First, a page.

Contact Us

For information or questions regarding the EGUSD Time of Remembrance website, please contact project coordinators Gail Desler or Kathleen Watt or leave a comment below.

8 thoughts on “Contact Us

  1. I am one of the children in the school picture on Reiko Nagumo’s site. It was the second grade at Los Feliz Elementary School. My name then was Geraldine Clove and I’m pictured with Reiko, Tommy Barrington, Barbara Gubser and a couple of others. I would love to contact Reiko. I’ve never forgotten when she left to be interned, but, more importantly, the day she was able to return to the school. Do you have information I could use to contact her?

    • Hello Jerri,
      Thank you so much for your comment. We are thrilled to meet a classmate from Reiko’s photo. Every time we listen to Reiko’s interview we are impressed and inspired by the way she was welcomed back to Los Feliz Elementary School, both by teachers and former classmates. For many internees, a warm welcome was not what they received when they returned to their communities. In Reiko’s words, your “actions spoke volumes.”

      We will be happy to contact Reiko with your information.

  2. My name is Kathleen B. Jones and I am a member of the steering committee for the Imagining America conference that will be held at UC-Davis in October 2017. We are seeking site-based workshops and I have been browsing your resources on the TOR website and thought you might like to put in a proposal to present a workshop on using these resources to teach about the impact of war on targeted groups, including Japanese-Americans.

    Here is the call for proposals, with an extended deadline of next Tuesday. I cannot attach the document on proposals, but if you write to Stephanie (email below) she could send it to you.

    I think a presentation from your group on developing K-12 curriculum based on TOR resources, which could be held perhaps at the CA Museum’s exhibition on the internment would be both time and compelling.

    Dear community,

    We are seeking engaging and creative site specific workshop proposals from across our region for the Imagining America national conference at UC Davis (Oct 12-14). We have extended the deadline to Tuesday, May 2, recognizing that people may use the weekend to finish their proposal.

    Attached is a document that contains the proposal application form for the site specific workshops and a guide with helpful tips for crafting your proposal.

    Please share with others who may be interested. Feel free to contact me ( or Bernadette Austin at the UC Davis Center for Regional Change (530-752-3007, if you have any questions or would like to discuss your proposal idea.

    More about the Imagining America national conference can be found here:

    Thank you,
    Stephanie Maroney

    Graduate student co-organizer, 2017 Imagining America National Conference
    University of California, Davis

    • Hello Kathy,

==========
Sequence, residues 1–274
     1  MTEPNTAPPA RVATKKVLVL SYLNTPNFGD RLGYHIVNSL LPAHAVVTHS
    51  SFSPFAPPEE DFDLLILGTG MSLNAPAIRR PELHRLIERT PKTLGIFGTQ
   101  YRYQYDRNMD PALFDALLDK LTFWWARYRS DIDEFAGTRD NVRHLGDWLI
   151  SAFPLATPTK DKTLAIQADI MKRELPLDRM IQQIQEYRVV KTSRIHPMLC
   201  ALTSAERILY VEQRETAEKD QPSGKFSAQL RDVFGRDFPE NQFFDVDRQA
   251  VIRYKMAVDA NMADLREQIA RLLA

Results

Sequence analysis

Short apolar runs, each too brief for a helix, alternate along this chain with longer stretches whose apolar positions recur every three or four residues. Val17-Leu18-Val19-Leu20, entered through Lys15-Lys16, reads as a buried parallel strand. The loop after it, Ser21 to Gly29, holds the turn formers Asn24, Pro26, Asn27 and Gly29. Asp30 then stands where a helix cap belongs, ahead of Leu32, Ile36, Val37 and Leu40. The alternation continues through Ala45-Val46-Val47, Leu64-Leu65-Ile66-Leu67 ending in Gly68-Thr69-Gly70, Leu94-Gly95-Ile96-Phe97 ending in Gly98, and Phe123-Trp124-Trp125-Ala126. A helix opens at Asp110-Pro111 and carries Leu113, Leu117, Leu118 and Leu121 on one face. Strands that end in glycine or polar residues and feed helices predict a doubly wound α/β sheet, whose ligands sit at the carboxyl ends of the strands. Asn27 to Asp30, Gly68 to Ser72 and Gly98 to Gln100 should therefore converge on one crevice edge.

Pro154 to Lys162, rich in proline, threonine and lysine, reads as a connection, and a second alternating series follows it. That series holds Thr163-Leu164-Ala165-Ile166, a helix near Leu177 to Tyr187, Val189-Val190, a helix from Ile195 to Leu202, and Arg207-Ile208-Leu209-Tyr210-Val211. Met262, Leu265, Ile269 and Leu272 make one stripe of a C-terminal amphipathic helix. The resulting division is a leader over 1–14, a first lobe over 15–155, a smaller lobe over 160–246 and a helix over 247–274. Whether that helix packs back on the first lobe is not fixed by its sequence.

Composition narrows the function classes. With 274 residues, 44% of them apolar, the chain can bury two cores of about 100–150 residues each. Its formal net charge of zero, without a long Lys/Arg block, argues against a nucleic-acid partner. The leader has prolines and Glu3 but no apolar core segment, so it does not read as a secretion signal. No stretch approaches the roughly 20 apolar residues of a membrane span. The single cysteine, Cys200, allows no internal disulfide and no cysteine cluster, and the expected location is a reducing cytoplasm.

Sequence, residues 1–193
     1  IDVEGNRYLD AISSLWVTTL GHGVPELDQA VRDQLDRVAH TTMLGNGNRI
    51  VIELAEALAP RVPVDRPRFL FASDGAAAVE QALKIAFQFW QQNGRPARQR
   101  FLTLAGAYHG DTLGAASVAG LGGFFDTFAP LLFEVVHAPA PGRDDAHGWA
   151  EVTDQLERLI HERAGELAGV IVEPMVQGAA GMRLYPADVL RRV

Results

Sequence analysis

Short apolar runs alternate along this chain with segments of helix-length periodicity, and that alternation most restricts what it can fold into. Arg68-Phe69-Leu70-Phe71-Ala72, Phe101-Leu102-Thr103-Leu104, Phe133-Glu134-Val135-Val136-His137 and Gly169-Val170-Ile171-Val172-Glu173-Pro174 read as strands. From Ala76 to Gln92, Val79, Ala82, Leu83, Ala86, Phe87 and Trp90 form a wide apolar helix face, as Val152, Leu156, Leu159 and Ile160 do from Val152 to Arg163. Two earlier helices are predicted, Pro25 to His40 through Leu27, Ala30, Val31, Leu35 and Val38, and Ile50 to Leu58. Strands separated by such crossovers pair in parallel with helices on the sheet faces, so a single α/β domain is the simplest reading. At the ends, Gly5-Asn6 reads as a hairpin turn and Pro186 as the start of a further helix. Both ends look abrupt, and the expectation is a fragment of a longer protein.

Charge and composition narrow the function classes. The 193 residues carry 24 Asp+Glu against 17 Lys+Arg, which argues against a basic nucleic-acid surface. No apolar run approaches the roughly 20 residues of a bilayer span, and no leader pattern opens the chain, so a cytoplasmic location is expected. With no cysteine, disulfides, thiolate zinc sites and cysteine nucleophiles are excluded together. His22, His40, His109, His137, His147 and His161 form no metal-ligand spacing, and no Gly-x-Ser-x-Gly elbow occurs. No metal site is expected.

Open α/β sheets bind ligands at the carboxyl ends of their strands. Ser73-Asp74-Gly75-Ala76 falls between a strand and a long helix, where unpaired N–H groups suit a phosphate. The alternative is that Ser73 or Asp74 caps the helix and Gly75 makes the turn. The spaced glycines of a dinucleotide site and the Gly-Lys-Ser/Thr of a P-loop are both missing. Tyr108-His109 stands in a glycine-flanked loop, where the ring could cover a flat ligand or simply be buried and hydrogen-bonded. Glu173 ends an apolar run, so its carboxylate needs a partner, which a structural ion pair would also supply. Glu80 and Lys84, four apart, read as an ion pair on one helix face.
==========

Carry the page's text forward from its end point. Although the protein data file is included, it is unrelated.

Thank you for your invitation (and our apologies for missing the 2017 deadline). We will definitely be on the lookout for the 2018 Imagining America National Conference and the opportunity to attend and present.

  3. I am reading
    We the People
    A Story of Internment in America
    I am on page 131, yet I feel compelled to share that I too had such mixed feelings about being Japanese as your mom when young Marielle.

    I am sansei. Brought up in a caucasion neighborhood and elementary school , (1960 – 1966).
    Because of what your mom shared, (so far), I now understand many questions I respectfully would not ask my parents and aunts and uncles.

    I grew up in Sacramento. Knowing the area and recognizing some names from the preface and introduction, brings me closer to understanding and getting answers to questions I was not to ask.
    Mom is 92 and dad is 87. Both were incarcerated as with their families. They met after the war 65 years ago. Both have been sharing that time with my youngest daughter who has gone to Manzanar Pilgrimage and Tule Lake Pilgrimage this year.

    Such a blessing for all the history that involves that period of time.
    AND, a lot of healing
    Thank You for continuing your mother’s legacy.
    With Love and prayers

    Laura Hironaka

    • Hello Laura,

      We are contacting Marielle today and sharing your contact information with her. I know she will be delighted to hear how We the People resonates with you.

      How wonderful that your parents are now sharing their stories with your daughter. We hope she is recording their stories to pass on to her children.

      Gail & Kathleen

    • Hi Laura:
      Thank you for your kind and encouraging words. Your parents are typical of the Nisei generation. They were silent and children were not told of the terrible experiences they suffered. The result has a positive side as we look back Had they complained and spoke of the terrible treatment by the U.S. government. Many of us might have grown up angry and resentful, hating our present government, when in reality it was the decision of leaders in the 40s responsible. Instead we grew up without those negative attitudes. The down side was we also did not speak up about our rights and fight for them until the 4th generation and a few brave Nisei who realized the importance of speaking out for Justice and Constitutional rights decided to take action. It is our story and we need to tell it — even more important to tell the NEXT generations. Thanks again for your comments. Marielle Tsukamoto

  4. Yes, she records as much as she can. She keeps her 2 high school daughters up to date with her information which in turn helps them, my granddaughters, understand my behavior is sometimes very Japanese.

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